Advocates call for continued employment reform for international students
Temporary lift to 20-hour working cap for international students a step in the right direction, advocates say
The government's move to lift the 20-hour working cap for international students, while a step in the right direction, needs to go beyond using them as a temporary way to address Canada's labour shortage, advocates say.
Instead, the move needs to be made permanent and the first step toward making education equitable for everyone, says Alistair Kirk, an international representative for Canadian Federation of Students Ontario.
"International students are more often than not seen as cash cows," said Kirk, who's also an international student studying at the University of Toronto.
"I want the government to think about the livelihoods of international students — to know that the more unfair they treat us, the less likely we will stay to build Canada in the future."
On Friday Immigration Minister Sean Fraser temporarily lifted the 20-hour limit international students are allowed to work off-campus each week class was in session, in a pilot project that runs from Nov. 15 to the end of 2023, to help address the nationwide labour shortage.
'It's about labour mobility'
Kirk and other advocates say while it helps international students deal with the rising costs of rent, food and tuition, it needs to be more than a temporary solution to create meaningful change for international students, workers and migrants.
"The end to the 20-hour work rule isn't about a labour shortage, it's about labour mobility," said Sarom Rho, an organizer for advocacy organization Migrant Workers Alliance for Change.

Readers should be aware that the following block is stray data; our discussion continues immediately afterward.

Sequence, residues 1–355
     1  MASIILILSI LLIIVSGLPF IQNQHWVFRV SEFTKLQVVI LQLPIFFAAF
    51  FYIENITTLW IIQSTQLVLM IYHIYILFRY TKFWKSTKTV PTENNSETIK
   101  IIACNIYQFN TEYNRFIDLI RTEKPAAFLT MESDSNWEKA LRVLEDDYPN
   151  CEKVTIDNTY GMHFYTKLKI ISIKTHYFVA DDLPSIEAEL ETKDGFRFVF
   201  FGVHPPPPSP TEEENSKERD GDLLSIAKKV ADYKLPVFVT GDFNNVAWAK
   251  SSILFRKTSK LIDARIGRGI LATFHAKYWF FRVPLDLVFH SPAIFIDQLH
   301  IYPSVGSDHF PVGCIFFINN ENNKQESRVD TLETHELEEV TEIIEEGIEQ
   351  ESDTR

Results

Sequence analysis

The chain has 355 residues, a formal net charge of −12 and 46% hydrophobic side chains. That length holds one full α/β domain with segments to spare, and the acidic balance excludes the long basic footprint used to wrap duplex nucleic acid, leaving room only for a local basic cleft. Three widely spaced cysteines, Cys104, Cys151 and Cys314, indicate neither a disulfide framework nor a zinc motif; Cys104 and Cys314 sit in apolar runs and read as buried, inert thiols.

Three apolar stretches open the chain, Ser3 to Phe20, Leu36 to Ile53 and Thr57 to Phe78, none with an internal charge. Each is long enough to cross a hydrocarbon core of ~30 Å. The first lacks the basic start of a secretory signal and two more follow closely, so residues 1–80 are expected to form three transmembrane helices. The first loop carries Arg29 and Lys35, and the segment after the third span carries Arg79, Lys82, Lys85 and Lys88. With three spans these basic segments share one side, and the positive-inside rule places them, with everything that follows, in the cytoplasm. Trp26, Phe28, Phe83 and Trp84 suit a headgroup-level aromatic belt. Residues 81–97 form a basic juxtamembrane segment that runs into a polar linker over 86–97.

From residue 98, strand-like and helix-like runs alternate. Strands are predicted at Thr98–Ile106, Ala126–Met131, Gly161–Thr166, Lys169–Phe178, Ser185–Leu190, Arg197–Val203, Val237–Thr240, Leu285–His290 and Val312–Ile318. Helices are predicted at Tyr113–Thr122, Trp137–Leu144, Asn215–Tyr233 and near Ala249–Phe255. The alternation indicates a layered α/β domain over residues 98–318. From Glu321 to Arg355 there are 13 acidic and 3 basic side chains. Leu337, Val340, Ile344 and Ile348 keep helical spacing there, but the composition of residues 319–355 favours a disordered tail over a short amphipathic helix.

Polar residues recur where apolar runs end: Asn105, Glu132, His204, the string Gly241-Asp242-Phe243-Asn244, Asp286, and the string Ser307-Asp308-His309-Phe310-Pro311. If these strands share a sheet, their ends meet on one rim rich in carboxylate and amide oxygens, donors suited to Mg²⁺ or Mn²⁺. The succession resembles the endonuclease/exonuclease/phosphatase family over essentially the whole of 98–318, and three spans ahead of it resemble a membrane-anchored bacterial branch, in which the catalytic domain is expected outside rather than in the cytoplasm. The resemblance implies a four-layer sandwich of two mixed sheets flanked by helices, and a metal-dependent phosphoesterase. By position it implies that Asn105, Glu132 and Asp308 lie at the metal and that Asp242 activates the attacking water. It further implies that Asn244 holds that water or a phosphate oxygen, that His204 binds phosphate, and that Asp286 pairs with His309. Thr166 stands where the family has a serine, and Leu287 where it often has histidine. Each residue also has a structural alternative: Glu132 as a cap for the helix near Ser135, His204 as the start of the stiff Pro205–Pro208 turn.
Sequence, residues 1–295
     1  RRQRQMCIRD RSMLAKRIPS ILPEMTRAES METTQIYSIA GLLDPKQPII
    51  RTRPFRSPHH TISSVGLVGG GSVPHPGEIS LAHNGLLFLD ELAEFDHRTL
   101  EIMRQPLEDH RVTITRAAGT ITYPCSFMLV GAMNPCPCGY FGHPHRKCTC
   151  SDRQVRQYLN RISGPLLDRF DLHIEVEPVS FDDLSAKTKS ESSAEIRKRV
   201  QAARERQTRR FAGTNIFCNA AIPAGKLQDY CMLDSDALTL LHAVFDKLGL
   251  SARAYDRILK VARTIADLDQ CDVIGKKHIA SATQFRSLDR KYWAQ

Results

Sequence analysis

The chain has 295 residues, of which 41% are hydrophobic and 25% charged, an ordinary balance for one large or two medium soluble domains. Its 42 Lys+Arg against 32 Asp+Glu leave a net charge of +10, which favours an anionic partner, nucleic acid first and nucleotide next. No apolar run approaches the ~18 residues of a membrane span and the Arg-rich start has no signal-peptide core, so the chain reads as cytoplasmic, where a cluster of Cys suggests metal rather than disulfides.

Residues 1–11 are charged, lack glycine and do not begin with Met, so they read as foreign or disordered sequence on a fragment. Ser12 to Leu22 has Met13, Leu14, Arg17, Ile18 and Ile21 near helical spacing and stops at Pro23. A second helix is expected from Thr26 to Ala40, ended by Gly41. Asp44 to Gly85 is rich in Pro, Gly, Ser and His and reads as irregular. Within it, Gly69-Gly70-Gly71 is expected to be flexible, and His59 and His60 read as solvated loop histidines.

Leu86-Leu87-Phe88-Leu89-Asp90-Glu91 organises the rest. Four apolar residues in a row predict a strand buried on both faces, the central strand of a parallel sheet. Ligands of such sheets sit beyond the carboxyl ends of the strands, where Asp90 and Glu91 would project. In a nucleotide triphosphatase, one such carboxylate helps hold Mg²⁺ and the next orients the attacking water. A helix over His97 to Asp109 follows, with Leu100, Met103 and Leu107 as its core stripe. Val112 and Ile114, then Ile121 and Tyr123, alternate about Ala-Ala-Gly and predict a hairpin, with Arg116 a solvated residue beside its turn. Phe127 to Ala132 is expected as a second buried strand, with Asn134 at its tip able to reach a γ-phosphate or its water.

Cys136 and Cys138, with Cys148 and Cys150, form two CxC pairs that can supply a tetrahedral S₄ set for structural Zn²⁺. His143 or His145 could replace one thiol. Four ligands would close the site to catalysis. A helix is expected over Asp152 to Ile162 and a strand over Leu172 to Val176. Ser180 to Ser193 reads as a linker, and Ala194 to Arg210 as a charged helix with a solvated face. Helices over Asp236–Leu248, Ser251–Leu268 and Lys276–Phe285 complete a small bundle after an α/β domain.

She notes the move was a partial win, helping students gain more freedom in where they work and to speak out against exploitative work environments.
"But the change announced is temporary. It excludes too many."
The change only applies to international students in Canada who are authorized to work off-campus on their study permit, and those who have applied for a permit by Oct. 7, and later get approved.
"These temporary measures that exclude too many will continue a system where some people have more rights and some people don't."
The group has been campaigning for this change in the years leading up 2019, when international student Jobandeep Singh Sandhu made headlines for facing deportation for working more than 20 hours driving trucks — something he said was necessary to afford his education and living in Canada.
Business tacks on support
Frishta Ghafoori, the manager of the Toronto restaurant Zaad, says out of her 10 employees, most of them are international students.
"For us to make the schedule accordingly, keeping in mind that they have only 20 hours to work, it's very hard," said Ghafoori, who says she's a permanent resident herself.
"I think it's a really good thing that they're changing it."
Ghafoori says while it's difficult to work around their restrictions, international students prove to be hard working and eager to work.
"I know their hustle and I know, like, how hard is it for them. So, hopefully it stays here forever," said Ghafoori.
Aishwarya Nair, a recent neuroscience graduate from the University of Toronto, agrees.
"It's a bit of a lose lose where students are losing out and employers as well, or like even larger bodies and institutions are losing out, because they're not tapping into that potential that a lot of international students do have and bring."
While the new change is welcomed, Nair, who's currently on a work permit and hopes to later get into medical school in Toronto, also hopes the government increases awareness on the employment rights for international students.
She says during her undergraduate degree, she didn't realize the 20-hour rule didn't apply to her work on campus until her third year, and was afraid of getting in trouble for any mistakes she might make while working.
"I think the last thing we need is to have more problems where students then take on more hours and their studies kind of slip away, and they're unaware that that might actually affect their students status as a whole."
With files from Ryan Patrick Jones and Mirna Djukic